The friendly SIA check-in agent didn't mention the names issue at all, but we failed to get decent seats. Apparently most passengers had either pre-reserved their seats or checked in much earlier - SQ106 is probably mostly used as a connecting flight. We got possibly the worst seats on the plane - middle seats in the first row of Economy Class. However, we didn't mind so much because we were still glad that we had arrived in Singapore in due time after all the hassle caused by the Qantas grounding (you can find all details here).
We still had plenty of time left for some airside spotting. Here's 9V-SKK, the one and only A380 delivered to SIA in 2010:
VT-JBE is one of 46 737-800s in the Jet Airways fleet. Expect to see a PlaneHunter report about such a bird soon:
I logged 24 new registrations until departure - in addition to 17 on the day before. That's not bad considering that I could only spend a relatively short time for spotting at SIN, other than originally planned. Now I'm hoping that I can make up for that during my next visit in May.
When we returned to the gate, we found 9V-STE being prepared for our flight to Kuala Lumpur:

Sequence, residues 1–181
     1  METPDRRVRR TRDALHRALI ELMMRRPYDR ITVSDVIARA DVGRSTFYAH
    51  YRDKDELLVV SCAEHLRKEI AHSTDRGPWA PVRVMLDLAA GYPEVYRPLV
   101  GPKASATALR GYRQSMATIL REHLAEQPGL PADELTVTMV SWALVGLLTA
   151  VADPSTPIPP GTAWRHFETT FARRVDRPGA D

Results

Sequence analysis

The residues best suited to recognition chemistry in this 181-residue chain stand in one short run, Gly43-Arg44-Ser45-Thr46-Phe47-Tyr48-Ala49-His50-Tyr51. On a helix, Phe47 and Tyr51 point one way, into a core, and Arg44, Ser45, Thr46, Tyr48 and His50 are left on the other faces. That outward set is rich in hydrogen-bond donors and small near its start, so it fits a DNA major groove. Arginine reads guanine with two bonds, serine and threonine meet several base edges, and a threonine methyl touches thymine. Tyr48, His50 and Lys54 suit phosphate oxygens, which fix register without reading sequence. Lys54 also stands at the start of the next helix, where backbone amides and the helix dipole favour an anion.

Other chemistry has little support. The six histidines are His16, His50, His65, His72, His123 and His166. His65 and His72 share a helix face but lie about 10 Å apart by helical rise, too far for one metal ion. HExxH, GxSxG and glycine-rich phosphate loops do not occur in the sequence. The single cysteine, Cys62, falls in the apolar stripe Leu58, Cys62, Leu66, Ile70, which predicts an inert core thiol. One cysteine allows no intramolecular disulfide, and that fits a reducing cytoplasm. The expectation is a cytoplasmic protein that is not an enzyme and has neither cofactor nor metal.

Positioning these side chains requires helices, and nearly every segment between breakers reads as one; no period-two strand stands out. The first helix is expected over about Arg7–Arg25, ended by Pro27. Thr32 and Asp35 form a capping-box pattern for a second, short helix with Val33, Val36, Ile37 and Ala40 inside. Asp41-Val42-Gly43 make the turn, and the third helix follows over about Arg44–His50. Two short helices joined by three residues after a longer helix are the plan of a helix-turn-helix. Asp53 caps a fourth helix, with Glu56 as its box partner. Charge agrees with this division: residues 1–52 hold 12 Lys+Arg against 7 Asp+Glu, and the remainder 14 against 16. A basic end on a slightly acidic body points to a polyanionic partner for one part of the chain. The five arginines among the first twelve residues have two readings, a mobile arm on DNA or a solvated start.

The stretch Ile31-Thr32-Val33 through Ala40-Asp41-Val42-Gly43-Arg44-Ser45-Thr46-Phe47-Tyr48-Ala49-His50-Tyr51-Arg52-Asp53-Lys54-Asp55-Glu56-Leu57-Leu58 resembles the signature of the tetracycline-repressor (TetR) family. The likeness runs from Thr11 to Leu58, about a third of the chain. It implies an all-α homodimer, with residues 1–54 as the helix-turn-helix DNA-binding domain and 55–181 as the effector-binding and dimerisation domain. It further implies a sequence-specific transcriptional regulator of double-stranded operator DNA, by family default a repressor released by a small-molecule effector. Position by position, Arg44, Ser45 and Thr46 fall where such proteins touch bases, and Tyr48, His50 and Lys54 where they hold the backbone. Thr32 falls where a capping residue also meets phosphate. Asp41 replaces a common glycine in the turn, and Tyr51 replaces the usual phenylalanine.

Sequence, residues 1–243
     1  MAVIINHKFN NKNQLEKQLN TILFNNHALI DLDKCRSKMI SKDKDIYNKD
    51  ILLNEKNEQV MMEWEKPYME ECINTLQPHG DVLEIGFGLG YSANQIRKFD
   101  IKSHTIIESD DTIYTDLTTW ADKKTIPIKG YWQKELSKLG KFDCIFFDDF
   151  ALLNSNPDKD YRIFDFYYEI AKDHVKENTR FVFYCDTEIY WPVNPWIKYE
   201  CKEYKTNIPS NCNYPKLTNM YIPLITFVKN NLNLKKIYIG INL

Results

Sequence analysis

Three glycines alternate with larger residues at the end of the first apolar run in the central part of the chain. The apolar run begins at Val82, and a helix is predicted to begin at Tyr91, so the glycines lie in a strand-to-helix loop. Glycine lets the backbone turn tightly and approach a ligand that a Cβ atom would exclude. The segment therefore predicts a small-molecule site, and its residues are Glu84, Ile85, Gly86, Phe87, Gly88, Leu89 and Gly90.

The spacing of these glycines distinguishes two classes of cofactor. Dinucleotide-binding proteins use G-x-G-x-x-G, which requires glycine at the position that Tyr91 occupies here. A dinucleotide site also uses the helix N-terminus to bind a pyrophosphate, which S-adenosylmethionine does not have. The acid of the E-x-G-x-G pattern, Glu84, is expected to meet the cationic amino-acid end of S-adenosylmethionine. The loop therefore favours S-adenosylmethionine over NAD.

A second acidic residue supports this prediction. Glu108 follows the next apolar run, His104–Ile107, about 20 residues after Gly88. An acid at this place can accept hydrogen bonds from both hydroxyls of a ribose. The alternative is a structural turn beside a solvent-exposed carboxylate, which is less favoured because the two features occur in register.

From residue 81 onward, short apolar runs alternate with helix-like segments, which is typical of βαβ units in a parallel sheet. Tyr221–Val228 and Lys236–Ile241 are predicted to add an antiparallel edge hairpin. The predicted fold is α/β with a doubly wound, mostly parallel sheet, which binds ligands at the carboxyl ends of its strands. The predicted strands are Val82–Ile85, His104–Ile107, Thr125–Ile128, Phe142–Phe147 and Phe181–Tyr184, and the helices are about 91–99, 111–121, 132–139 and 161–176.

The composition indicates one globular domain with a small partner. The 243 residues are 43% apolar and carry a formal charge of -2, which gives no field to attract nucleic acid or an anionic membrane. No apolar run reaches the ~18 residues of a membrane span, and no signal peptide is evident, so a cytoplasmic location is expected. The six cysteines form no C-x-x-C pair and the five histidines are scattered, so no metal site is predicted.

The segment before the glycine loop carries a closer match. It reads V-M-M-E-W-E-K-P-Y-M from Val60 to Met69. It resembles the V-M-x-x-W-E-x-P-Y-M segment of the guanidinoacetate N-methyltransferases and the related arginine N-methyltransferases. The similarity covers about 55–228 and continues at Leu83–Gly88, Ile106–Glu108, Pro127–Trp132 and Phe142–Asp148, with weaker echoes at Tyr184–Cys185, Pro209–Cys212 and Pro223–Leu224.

The plane was delivered in April 2009 and is one of 19 A330-343Es in the fleet. 15 more frames are on order.
Friendly flight attendants welcomed us on board - but that's what to expect on SIA. However, what I don't like about the famous "Singapore Girls" is the extensive use of makeup - some of them look as if they wear masks!
The 19-inch wide seats are exactly the same ones as on the A380 and the 777-300ER - a bit hard, but still comfortable:
Unlike many people, I don't like the bulkhead rows, because I cannot entirely stretch out my legs:
Modern handset (stored in the immovable armrests) with LED channel display and qwerty keyboard on the back:
Shopping guide and inflight magazine:
I didn't find a mistake this time - well done, SIA:
The KrisWorld IFE guide informs about 140 movies, 180+ TV programs, 779 CDs, 22 radio channels and 80+ games:
After boarding had been completed, the captain made a welcome speech and announced a flying time of 40 minutes for this short segment - SIA's shortest, by the way. The captain also referred to a cruising altitude of 6000 meters.
My favorite feature:
We had been pushed back almost on time, but it took 24 more minutes until 9V-STE started its unspectacular takeoff roll.
The flight attendants left their seats shortly after takeoff and Satchmo quickly went to the back of our section to take a cabin picture:
I guess the SIN-KUL and KUL-SIN sectors are the only ones in the SIA network without food service in Economy Class, but we were offered tea and coffee, served on small trays: